[This article was first published on Bluecology blog, and kindly contributed to R-bloggers]. (You can report issue about the content on this page here)
Want to share your content on R-bloggers? click here if you have a blog, or here if you don't.

# Comparison of terra and stars packages

The other day I wrote a comparison of raster and terra packages. The other newish raster package on the block is stars. So I go through the same code here.

If you are starting out with stars, read their manual first.

But first some key differences.

stars is set-up to work with spatio-temporal arrays (terra also has better capacity to work with multilayer rasters than raster did). stars deals with more complex data types than either raster or terra, for instance, stars can handle rotated grids.

stars works will with sf, and many sf functions have methods for stars objects (like st_bbox and st_transform). In contrast, my current experience of trying to use terra and sf is a bit more awkward. I had to do lots of class conversions of terra objects to sf objects and back again.

stars isn’t as well documented as raster or terra. Some colleagues told me they’ve had unresolvable issues with stars and reverted to raster. I don’t know the details though.

## Data reading and plotting in stars

Data input and plots are quite similar to sf:

library(stars)
plot(r)


st_bbox(r)

##   xmin   ymin   xmax   ymax
##  82.50 -72.25 181.25  -9.75


Now let’s crop and reproject it, it looks almost identical to reprojecting a polygon in sf:

#create an extent object
ext2 <- st_bbox(r)

#constrain it in x direction
ext2[1] <- 120
ext2[3] <- 170

r2 <- st_crop(r, ext2)

r3 <- st_transform(r2, "+proj=robin +lon_0=0 +x_0=0 +y_0=0 +ellps=WGS84 +datum=WGS84 +units=m +no_defs +towgs84=0,0,0")

plot(r3)


## How do terra, raster and stars compare for speed?

Let’s compare the three packages for speed at projecting data, an often time-consuming task.

library(microbenchmark)

robin_proj <- "+proj=robin +lon_0=0 +x_0=0 +y_0=0 +ellps=WGS84 +datum=WGS84 +units=m +no_defs +towgs84=0,0,0"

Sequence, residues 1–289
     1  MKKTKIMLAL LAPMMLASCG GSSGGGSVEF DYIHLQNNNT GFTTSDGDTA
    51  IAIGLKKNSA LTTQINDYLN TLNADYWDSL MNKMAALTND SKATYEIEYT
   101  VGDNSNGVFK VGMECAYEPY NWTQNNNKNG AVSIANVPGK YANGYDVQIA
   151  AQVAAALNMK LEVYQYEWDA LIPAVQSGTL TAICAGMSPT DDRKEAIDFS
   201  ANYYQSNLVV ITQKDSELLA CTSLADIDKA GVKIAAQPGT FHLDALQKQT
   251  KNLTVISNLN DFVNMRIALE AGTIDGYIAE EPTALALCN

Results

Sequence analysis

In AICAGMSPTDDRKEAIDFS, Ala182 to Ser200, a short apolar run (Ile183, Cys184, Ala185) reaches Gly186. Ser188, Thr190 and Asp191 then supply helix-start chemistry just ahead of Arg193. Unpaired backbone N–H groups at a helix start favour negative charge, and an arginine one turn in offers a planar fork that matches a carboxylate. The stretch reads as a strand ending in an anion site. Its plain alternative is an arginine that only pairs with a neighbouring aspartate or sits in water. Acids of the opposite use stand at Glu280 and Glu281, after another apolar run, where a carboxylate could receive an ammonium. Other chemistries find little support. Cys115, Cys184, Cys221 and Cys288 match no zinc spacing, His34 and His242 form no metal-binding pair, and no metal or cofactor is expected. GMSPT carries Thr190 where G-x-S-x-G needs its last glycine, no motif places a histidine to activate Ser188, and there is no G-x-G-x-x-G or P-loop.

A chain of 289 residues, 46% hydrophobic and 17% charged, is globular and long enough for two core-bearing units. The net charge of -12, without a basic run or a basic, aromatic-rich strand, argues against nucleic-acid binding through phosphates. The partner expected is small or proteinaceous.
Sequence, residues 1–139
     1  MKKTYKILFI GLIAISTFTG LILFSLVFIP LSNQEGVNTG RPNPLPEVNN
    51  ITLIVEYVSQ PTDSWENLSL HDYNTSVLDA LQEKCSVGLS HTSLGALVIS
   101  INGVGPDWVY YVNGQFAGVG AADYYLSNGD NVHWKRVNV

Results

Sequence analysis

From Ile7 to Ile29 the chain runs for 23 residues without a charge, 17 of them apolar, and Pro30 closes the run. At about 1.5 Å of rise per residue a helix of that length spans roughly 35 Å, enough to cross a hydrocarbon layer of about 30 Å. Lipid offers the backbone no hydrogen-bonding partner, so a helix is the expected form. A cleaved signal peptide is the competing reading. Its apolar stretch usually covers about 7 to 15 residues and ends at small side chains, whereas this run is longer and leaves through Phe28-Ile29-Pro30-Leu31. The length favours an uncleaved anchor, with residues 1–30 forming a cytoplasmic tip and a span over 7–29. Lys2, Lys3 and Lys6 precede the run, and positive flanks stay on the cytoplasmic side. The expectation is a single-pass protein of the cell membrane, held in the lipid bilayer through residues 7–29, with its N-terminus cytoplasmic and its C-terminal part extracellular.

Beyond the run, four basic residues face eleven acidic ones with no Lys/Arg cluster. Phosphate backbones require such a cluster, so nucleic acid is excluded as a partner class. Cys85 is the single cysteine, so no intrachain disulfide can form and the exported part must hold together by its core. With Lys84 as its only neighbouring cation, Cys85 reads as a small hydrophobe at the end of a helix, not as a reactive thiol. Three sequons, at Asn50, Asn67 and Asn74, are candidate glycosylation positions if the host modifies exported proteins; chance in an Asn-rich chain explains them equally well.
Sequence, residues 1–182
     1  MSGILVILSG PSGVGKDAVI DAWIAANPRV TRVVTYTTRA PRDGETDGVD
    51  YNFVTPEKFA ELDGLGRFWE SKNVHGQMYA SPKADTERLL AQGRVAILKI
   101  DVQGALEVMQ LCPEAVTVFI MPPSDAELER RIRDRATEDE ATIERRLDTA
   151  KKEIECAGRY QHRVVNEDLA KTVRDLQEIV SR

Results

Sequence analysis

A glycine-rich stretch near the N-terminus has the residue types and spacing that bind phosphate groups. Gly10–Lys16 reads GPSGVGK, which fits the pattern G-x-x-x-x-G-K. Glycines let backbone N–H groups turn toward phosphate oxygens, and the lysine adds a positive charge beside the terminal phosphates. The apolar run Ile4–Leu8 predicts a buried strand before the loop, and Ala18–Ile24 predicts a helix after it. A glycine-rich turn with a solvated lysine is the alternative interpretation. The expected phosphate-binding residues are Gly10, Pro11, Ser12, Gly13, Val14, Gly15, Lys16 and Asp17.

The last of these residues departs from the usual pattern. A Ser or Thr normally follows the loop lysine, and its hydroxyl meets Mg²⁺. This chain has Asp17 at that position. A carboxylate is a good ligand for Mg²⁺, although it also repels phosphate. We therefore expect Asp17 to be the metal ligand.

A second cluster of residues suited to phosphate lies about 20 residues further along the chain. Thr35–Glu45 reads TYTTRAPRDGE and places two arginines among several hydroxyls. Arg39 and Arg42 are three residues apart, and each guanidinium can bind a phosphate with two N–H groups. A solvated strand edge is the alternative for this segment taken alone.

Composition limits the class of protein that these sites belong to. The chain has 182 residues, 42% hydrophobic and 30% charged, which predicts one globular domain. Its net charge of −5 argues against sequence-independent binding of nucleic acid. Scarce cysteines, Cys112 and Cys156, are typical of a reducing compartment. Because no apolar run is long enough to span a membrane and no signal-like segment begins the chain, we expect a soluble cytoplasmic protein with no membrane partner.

tout <- microbenchmark(
raster::projectRaster(r_raster, crs=robin_proj),
terra::project(r_terra, robin_proj),
st_transform(r, crs = robin_proj),
times = 10
)
tout

## Unit: milliseconds
##                                               expr       min        lq
##  raster::projectRaster(r_raster, crs = robin_proj) 330.49234 348.60983
##                terra::project(r_terra, robin_proj)  66.47145  67.78466
##                  st_transform(r, crs = robin_proj)  19.03904  19.91101
##       mean    median        uq       max neval
##  506.93616 505.29937 521.27790 874.32388    10
##   69.90088  68.87271  69.09739  80.66674    10
##   23.38595  20.64656  22.88241  42.57163    10


So terra was about 8.5 times faster than raster and stars was about 3 times faster than terra (so about 26 times faster than raster).

## Will stars be compatible with other packages I use?

The answer here obviously depends on what packages you want to use. A key one for me is tmap for mapping:

library(tmap)
tm_shape(r) +
tm_raster()


Apparently you can coerce stars objects into raster objects, but I couldn’t figure out easily how to do that (with the 10 minutes I had to find out).

## Summary

Its a confusing world of raster packages now, with raster, terra and stars all viable options. A decision about your ‘go to’ package needs more exploration than my brief blog and will depend on what types of operations you are doing.

The real test will come when analyzing large and complex datasets. The comparison I’ve made here is very shallow, it doesn’t explore the full functionality of terra or stars, which is much deeper than raster. So I’m interested to hear from folk how they go with more sophisticated applications.